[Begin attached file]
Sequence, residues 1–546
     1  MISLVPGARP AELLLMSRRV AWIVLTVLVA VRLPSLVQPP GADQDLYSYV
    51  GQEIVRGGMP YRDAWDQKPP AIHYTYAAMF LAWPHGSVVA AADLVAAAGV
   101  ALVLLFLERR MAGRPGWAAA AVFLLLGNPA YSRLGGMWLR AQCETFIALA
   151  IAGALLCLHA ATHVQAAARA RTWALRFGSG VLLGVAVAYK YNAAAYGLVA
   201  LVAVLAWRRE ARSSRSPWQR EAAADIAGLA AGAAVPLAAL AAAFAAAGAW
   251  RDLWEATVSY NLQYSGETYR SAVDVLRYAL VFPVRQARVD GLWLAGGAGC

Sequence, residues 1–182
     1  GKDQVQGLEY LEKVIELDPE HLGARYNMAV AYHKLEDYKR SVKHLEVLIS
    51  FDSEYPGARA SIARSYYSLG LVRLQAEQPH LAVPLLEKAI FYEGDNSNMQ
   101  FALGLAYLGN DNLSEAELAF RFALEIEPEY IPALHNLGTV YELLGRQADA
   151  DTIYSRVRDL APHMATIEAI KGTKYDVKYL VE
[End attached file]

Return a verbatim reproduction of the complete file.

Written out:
Sequence, residues 1–546
     1  MISLVPGARP AELLLMSRRV AWIVLTVLVA VRLPSLVQPP GADQDLYSYV
    51  GQEIVRGGMP YRDAWDQKPP AIHYTYAAMF LAWPHGSVVA AADLVAAAGV
   101  ALVLLFLERR MAGRPGWAAA AVFLLLGNPA YSRLGGMWLR AQCETFIALA
   151  IAGALLCLHA ATHVQAAARA RTWALRFGSG VLLGVAVAYK YNAAAYGLVA
   201  LVAVLAWRRE ARSSRSPWQR EAAADIAGLA AGAAVPLAAL AAAFAAAGAW
   251  RDLWEATVSY NLQYSGETYR SAVDVLRYAL VFPVRQARVD GLWLAGGAGC

Sequence, residues 1–182
     1  GKDQVQGLEY LEKVIELDPE HLGARYNMAV AYHKLEDYKR SVKHLEVLIS
    51  FDSEYPGARA SIARSYYSLG LVRLQAEQPH LAVPLLEKAI FYEGDNSNMQ
   101  FALGLAYLGN DNLSEAELAF RFALEIEPEY IPALHNLGTV YELLGRQADA
   151  DTIYSRVRDL APHMATIEAI KGTKYDVKYL VE